(This Position Paper is written from the point of view of the Information Department at the hypothetical “Ivy Walls University.” It was written for the “Information Policy” course at the University of Iowa School of Library and Information Science. )
“University Administration is considering the implementation of video surveillance in the library to alleviate parent and librarian concerns that students are using library computers to access Social Networking Sites (SNS). Some parents think that SNS are a safety threat as well as a poor use of tuition dollars. Librarians have concerns about recreational computer use, too; at times they intervene on behalf of students who want to study when no other computers are available, and librarians feel that some students who use computers recreationally are rude or verbally abusive in these situations.
“Video surveillance in the library could encourage students to limit their recreational activities and to behave more appropriately towards library personnel and other students. However, cameras might also be viewed as overly invasive and could ultimately limit or even censor students’ information-seeking activities.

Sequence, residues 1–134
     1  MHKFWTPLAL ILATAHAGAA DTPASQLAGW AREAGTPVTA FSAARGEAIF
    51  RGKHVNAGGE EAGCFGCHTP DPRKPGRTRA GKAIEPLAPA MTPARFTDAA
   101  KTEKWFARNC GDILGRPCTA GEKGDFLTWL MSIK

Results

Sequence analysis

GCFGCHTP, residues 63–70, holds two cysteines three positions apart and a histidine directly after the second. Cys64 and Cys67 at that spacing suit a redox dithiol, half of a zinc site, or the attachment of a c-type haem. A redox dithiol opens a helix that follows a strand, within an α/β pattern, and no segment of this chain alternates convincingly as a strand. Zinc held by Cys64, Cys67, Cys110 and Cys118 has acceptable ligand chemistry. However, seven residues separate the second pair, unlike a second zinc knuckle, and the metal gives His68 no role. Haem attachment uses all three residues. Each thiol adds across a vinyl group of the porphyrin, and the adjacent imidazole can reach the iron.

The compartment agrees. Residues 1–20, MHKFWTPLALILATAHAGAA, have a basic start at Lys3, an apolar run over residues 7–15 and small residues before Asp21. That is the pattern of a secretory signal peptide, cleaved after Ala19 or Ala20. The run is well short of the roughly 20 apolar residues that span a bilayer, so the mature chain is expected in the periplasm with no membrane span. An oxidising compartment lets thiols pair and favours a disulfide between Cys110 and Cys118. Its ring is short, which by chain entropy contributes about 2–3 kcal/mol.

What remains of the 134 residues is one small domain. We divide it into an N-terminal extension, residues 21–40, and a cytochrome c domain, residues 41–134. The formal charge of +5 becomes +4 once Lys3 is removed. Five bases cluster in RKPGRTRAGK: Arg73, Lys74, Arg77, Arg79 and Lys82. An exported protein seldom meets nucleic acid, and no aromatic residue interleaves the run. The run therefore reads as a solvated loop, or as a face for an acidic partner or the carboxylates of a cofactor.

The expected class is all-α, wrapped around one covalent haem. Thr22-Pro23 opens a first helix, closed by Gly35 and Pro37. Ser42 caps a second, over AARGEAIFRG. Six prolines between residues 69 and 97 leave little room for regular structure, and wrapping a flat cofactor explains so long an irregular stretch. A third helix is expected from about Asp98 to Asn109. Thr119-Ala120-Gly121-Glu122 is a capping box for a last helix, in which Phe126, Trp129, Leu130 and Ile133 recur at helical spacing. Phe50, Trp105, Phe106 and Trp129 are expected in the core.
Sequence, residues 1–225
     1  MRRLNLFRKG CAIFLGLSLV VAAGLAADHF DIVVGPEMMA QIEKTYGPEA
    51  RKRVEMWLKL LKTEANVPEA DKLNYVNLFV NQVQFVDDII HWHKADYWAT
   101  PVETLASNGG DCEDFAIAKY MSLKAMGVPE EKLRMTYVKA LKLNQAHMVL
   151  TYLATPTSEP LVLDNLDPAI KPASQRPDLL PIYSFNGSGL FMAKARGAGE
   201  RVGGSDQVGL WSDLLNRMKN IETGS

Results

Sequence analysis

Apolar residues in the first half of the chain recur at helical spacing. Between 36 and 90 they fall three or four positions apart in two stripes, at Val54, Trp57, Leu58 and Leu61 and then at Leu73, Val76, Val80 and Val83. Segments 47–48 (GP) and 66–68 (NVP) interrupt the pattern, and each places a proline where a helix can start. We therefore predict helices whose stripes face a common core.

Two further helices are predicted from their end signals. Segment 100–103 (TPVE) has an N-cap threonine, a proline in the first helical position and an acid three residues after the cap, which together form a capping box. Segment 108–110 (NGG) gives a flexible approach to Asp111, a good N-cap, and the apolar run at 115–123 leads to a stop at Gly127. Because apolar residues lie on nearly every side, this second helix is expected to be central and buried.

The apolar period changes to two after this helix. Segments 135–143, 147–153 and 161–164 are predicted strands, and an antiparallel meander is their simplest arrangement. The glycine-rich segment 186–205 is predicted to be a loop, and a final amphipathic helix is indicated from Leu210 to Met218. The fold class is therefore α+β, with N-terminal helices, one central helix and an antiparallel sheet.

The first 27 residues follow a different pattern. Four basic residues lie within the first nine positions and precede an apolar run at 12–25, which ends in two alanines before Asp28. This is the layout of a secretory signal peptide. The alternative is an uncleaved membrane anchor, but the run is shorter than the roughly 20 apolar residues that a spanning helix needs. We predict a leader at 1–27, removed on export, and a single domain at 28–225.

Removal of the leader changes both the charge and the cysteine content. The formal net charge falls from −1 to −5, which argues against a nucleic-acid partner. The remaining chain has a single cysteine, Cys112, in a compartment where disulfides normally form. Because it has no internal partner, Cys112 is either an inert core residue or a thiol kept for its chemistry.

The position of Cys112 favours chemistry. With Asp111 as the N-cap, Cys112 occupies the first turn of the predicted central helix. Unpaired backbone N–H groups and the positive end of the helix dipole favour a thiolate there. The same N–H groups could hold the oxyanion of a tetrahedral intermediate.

“The Ivy Walls Information Department recommends that library video surveillance not be implemented at this time. Less costly and invasive solutions could adequately address parent and librarian concerns while meeting the information needs of our students. In particular, we recommend 1) setting up several catalog-only computer kiosks for students who need to access the library catalog, and 2) imposing a time limit on use of other library computers.
“By designating select computers as catalog-only, this will disable recreational use of these computers and ensure that students who need computers to locate library resources will likely be able to do so.